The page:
Faith is not meant to be blind: truth can be determined and found according to promises in the Bible
Faith plays an important role in any religion, and any religion that makes a man a better person and brings him closer to his Creator is a great and worthwhile thing. But faith is not meant to be blind. The Bible tells us that there is a way to test what things are true.
Imagine that you had a child that you loved dearly. Imagine that the time was soon approaching that you had to send them off to school, to learn and be taught and to have experiences that would help them grow. Would you leave them on their own to find their own way home? Would you leave them a set of instructions hoping that they will have enough confidence to figure it out? Or would you guide them and teach them subtle things to remember until they knew the correct way?
Would a loving God leave us without some way to find our way home? Is there more than a written set of instructions left to help us determine the path?
Almost every religion says that you just have to have faith and believe. Sadly, there are many that even say that if you don't have faith in their religion, then you're not going to make it home. So how do you know which religion you should put your faith in? Isn't there something more than just blind faith to help someone make their choice?
There is more than just faith
There is a way to confirm what is true. The Bible tells you how to find out for yourself in several places.
In Mathew 7:
"Ask, and it shall be given you; seek, and ye shall find; knock, and it shall be opened unto you:
For every one that asketh receiveth; and he that seeketh findeth; and to him that knocketh it shall be opened."
In John 14:
"Verily, verily, I say unto you, He that believeth on me, the works that I do shall he do also; and greater works than these shall he do; because I go unto my Father.
And whatsoever ye shall ask in my name, that will I do, that the Father may be glorified in the Son.
If ye shall ask any thing in my name, I will do it."
In Mathew 21:
"And all things, whatsoever ye shall ask in prayer, believing, ye shall receive."
In 1 John 5:
"And this is the confidence that we have in him, that, if we ask any thing according to his will, he heareth us:
And if we know that he hear us, whatsoever we ask, we know that we have the petitions that we desired of him."
In James 1:
"If any of you lack wisdom, let him ask of God, that giveth to all men liberally, and upbraideth not; and it shall be given him.
But let him ask in faith, nothing wavering. For he that wavereth is like a wave of the sea driven with the wind and tossed."
This is the promise that is in the Bible: That you can ask, and it will be given to you.
We know that God abides by the same laws now that He did back then, because He is the same now and forever. If this is true, then all of these promises should also hold true; that you can ask, and that you will receive an answer.
The Book of Mormon also gives this promise:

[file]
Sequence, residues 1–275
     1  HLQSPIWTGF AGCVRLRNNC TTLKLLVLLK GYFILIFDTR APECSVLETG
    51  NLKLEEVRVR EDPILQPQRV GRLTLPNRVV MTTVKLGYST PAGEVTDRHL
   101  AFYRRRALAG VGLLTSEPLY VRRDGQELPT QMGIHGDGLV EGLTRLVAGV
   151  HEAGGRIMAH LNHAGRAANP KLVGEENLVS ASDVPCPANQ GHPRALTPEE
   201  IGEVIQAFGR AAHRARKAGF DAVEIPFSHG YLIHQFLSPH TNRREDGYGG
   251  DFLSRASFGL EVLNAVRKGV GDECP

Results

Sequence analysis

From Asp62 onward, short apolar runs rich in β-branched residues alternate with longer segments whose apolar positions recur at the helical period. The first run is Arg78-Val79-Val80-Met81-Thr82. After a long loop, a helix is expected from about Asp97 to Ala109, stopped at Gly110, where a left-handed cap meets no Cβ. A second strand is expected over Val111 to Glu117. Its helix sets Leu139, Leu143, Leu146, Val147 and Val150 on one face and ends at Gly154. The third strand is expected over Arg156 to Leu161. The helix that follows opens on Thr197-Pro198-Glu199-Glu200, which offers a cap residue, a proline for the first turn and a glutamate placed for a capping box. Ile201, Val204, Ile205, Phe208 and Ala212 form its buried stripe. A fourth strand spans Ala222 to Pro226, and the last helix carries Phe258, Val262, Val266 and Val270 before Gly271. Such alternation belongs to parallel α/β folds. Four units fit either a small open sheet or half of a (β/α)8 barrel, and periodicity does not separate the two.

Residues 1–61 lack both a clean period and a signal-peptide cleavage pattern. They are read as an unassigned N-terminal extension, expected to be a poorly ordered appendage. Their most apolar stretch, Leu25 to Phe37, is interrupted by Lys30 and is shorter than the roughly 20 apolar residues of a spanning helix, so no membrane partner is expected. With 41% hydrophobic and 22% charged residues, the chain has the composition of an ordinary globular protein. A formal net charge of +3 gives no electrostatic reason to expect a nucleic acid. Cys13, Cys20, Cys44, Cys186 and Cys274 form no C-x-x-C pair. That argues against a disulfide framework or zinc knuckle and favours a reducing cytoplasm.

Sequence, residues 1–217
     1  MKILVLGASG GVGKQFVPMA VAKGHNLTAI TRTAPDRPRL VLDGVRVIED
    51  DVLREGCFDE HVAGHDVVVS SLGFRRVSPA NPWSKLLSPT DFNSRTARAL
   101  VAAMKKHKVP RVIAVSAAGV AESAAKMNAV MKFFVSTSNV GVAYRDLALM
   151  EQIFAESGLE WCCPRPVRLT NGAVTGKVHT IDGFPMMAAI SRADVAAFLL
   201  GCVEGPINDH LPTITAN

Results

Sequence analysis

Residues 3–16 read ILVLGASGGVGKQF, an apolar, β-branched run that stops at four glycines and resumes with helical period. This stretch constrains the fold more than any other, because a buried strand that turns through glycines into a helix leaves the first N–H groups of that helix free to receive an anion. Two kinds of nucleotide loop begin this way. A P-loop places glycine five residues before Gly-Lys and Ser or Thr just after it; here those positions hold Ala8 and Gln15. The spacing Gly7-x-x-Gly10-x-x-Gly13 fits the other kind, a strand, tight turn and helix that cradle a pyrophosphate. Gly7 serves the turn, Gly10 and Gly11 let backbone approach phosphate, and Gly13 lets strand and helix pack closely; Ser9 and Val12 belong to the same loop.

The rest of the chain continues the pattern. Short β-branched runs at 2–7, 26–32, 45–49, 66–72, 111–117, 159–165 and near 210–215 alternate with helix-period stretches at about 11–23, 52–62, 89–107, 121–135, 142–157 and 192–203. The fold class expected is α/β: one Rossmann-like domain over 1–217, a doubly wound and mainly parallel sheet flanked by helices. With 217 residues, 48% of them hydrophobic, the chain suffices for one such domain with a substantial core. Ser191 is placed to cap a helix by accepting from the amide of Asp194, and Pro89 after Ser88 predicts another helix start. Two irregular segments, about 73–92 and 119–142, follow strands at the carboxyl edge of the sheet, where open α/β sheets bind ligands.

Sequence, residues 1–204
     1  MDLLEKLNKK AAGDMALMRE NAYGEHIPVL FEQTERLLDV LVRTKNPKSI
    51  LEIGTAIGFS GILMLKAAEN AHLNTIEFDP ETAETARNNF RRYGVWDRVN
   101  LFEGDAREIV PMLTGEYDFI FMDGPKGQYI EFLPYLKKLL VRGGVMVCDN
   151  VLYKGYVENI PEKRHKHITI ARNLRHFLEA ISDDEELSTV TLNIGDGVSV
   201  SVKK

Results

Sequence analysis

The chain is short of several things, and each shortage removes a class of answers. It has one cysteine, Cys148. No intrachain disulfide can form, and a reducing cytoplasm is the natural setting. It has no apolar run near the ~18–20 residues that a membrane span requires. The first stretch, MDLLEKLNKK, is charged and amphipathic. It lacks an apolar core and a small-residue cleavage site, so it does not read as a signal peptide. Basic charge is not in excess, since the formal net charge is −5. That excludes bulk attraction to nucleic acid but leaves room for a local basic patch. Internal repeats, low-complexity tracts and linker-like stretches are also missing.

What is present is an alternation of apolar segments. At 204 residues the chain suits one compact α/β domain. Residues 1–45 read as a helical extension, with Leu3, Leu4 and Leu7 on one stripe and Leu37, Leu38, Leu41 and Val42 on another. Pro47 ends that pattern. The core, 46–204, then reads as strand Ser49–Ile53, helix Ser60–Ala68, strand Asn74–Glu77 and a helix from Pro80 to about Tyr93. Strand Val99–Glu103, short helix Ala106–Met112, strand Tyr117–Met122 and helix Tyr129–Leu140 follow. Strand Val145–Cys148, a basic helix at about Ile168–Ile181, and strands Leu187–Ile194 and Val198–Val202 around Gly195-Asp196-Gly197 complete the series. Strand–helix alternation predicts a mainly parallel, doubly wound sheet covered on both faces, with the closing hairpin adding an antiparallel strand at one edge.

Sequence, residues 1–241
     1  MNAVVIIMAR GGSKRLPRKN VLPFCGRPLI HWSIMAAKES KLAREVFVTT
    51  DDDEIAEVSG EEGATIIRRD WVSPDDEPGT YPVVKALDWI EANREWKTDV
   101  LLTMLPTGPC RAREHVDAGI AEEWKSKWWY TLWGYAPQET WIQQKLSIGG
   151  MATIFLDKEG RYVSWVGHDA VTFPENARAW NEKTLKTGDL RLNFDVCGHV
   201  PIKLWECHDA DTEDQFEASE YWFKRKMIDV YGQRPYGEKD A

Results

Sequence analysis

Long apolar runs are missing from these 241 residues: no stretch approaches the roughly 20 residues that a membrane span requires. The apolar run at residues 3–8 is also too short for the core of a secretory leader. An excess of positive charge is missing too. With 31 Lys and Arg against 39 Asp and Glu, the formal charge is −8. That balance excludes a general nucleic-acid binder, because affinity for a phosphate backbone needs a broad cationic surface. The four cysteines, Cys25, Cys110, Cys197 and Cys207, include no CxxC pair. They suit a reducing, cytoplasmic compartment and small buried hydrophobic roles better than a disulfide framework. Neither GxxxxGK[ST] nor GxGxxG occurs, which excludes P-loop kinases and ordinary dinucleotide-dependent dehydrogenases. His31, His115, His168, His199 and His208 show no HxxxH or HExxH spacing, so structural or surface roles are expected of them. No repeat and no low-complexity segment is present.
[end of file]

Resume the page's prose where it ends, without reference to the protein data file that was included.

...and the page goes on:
"And when ye shall receive these things, I would exhort you that ye would ask God, the Eternal Father, in the name of Christ, if these things are not true; and if ye shall ask with a sincere heart, with real intent, having faith in Christ, he will manifest the truth of it unto you, by the power of the Holy Ghost."
The man speaking here is named Moroni. Within the Mormon community, this scripture is often referred to as Moroni's promise.
There are conditions
If you review Moroni's statement above, you will notice that there are conditions to receiving this answer:
A sincere heart - You have to be asking with an actual desire to know. If you are asking just to prove that it doesn't work then you're not going to get anything. From your viewpoint, it didn't work, just like you were expecting. If you have no reason to hope that it's true because you have no desire to change, or because you are set in your beliefs, then you will receive no answer because you've already made up your mind.
Real intent - If you are asking just to know and have no plans on following through with what you learn, you will receive no answer.
Faith in Christ - You have to at least have some hope that there is a Christ which can answer you. Even if it is small, it should be sufficient.
I have often seen people state, "I read your book and asked and nothing happened so I know it can't be true." Does this sound like a person that really wanted to know? Now, I don't know anyone's intent, or their heart, and I certainly don't know all of the wisdoms of God, but I know that for every one that has told me that they did not receive an answer, there are dozens who have.
Why would there be conditions?
Why would God not give someone an answer when they asked for it? Wouldn't He want them to know even if they did not have a sincere heart or real intent?
We believe many things about the nature of God, but there are two features that really come to light here. We believe that God loves his children, and wants the best for them. We also believe that God must also be a just God, and to whom is given much, much is required.
A just God would have to hold someone accountable for their actions. If someone who did not have real intent, or did not have the desire to do that which was right, was to receive this answer, they would then have to be held accountable for it when the time came. Thus, if they didn't receive an answer, this could not be used against them. Because God loves his children and doesn't want those who were not willing to take the burden of this knowledge on themselves to be in a worse state, He would not provide an answer to them.
Perhaps it is because our Father in Heaven loves us enough that He can't afford to lose us. I don't know the wisdom of God. What I do know is that almost every time I have heard about someone investigating the church for the first time, having the desire to know for themselves and asking this question, they have received an answer.